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https://advancedregenmedinstitute.com/ - Doctors who enroll in stem cell therapy training courses through the Advanced Regenerative Medicine Institute (ARMI) learn cutting-edge techniques for using autologous stem cells to treat orthopedic injuries. ARMI also train doctors to use PRP therapy for both aesthetic and orthopedic applications. That being said, ARMI’s training could look radically different in the future if a revolutionary procedure developed at the Ohio State University Wexner Medical Center ever makes it past clinical trials to enter the market.\n

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revolutionary procedure could turn the page

Revolutionary Procedure Could Turn the Page on Stem Cells

Doctors who enroll in stem cell therapy training courses through the Advanced Regenerative Medicine Institute (ARMI)

learn cutting-edge techniques for using autologous stem cells to treat orthopedic injuries. ARMI also train doctors to use

PRP therapy for both aesthetic and orthopedic applications. That being said, ARMI’s training could look radically

different in the future if a revolutionary procedure developed at the Ohio State University Wexner Medical Center ever

makes it past clinical trials to enter the market.

This new procedure would absolutely turn the page on stem cell therapy as we know it. Though it sounds too good to be

true, the procedure could be the holy grail stem cell researchers have been looking for for decades. The most exciting

part of the whole thing is the simplicity of the technique. Let us hope simplicity is not the procedure’s downfall.

Combining Stem Cells and Nanotechnology

Being able to manipulate stem cells to transform themselves into other forms of tissue at will has been the primary goal

of stem cell research all along. As the thinking goes, we can grow any kind of tissue we need if we can learn to master

the genetic programming that makes stem cells do what they do. So far, that mastery has been elusive. But researchers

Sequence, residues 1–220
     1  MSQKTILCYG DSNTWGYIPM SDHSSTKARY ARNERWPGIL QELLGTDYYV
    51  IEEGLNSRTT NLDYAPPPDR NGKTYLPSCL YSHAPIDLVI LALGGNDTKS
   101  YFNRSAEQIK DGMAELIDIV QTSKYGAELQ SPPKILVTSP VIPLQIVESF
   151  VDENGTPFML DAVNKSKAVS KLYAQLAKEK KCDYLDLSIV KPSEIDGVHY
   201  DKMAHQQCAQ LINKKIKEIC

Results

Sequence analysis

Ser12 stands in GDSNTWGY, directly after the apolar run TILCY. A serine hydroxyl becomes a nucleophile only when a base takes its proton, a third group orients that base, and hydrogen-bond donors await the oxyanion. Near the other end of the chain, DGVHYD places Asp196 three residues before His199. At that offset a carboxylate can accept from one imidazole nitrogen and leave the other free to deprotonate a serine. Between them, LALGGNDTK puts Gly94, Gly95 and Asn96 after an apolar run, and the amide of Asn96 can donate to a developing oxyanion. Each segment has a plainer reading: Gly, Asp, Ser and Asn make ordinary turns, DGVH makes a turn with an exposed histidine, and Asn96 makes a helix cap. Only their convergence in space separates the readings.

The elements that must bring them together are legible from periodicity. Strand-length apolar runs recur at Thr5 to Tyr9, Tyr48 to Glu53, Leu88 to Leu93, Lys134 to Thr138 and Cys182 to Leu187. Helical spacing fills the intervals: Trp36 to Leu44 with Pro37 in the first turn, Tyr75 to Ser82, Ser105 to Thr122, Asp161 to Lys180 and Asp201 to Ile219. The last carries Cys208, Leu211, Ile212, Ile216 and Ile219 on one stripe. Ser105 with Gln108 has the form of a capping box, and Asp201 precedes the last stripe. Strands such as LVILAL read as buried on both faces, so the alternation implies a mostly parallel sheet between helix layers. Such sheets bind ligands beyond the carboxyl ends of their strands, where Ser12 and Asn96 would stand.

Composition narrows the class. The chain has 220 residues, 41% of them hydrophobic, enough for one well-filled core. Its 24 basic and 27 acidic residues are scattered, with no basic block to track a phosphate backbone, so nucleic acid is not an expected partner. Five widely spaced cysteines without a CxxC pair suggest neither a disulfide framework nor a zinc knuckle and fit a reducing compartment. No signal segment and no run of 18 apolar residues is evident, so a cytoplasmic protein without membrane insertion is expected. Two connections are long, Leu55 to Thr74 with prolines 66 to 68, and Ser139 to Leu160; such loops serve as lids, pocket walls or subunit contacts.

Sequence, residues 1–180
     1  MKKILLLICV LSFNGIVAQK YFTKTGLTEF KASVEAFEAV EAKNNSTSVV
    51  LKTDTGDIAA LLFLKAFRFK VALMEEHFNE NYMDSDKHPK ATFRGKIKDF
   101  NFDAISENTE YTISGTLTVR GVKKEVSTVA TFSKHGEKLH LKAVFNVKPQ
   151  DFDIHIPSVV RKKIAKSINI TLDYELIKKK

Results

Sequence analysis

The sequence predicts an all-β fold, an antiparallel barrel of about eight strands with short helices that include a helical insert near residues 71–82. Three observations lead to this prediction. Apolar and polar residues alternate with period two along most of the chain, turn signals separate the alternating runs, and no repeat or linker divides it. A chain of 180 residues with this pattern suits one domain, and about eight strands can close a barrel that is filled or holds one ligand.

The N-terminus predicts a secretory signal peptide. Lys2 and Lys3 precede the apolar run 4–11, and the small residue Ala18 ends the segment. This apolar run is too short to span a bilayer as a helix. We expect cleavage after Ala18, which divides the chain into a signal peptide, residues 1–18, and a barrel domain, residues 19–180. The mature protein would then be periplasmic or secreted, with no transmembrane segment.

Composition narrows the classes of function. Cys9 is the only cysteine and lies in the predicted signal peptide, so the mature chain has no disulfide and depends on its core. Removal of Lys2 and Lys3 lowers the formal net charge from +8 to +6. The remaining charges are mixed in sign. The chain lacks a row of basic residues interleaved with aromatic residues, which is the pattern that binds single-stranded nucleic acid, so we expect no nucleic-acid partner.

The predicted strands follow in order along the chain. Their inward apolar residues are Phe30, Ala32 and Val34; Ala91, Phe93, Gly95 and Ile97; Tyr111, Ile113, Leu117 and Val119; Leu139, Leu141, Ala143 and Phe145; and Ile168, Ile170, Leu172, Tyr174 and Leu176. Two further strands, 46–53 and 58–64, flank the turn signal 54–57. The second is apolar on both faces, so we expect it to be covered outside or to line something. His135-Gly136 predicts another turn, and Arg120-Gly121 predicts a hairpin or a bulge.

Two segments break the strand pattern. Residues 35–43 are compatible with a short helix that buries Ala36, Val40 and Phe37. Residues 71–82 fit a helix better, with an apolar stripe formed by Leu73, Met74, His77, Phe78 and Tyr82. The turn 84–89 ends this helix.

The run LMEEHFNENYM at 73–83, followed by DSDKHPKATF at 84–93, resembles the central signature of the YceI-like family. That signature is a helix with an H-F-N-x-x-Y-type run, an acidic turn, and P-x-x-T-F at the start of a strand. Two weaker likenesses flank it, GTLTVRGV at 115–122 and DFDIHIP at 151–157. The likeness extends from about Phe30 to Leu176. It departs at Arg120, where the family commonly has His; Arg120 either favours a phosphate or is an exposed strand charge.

at Ohio State University may have found the key.

They combined what we currently know about adult stem cells with the latest in nanotechnology to create a small

device that can ostensibly reprogram living adult cells so that they grow into other kinds of tissue. The device is based on

a principle known as tissue nanotransfection.

in order to conduct the procedure researchers

In order to conduct the procedure, researchers need two things: patient DNA or RNA and the device itself, which looks

like a small plastic chip. The biologic material is harvested from the patient being treated, then processed and loaded

onto the chip. The chip is then placed at the site of the injury. Researchers apply an electric current that immediately

sends the biologic material through the chip and into the tissue underneath. The nanotransfection process takes less

than a second.

The injected DNA or RNA material then immediately goes to work to reprogram the stem cells it comes in contact with.

Those stem cells will grow into whatever kind of tissue was programmed into them by way of the DNA or RNA.

Success in Laboratory Mice

Researchers have yet to test the procedure on human subjects. However, they have tested it on laboratory mice with

remarkable success. A video produced by the researchers shows one particular mouse with significant damage to one of

its legs. Scans showed that underneath the surface, there was very little blood flow to the injury site, thus inhibiting

healing. After treatment, blood flow was restored and the leg healed on its own without any pharmacological

intervention.

In another experiment, researchers were able to reprogram skin cells to grow into brain cells. The new cells were

transplanted into the brain of a laboratory mice with blocked middle cerebral arteries. Essentially, the mice had all

suffered a stroke. Their brains were restored to normal function within a matter of weeks.

To say this breakthrough is exciting does not truly convey the importance of what we’re talking about here. If this new

reprogramming procedure proves effective in human patients, we could be on the verge of a set of treatments that

would completely eliminate the need for pharmaceutical therapies, surgeries, and other procedures. Hopefully, we will

be adding the technique to our core set of stem cell training courses at some point in the future. Wouldn’t that be

incredible?

Sources:

Medical News Today– http://www.medicalnewstoday.com/articles/318841.php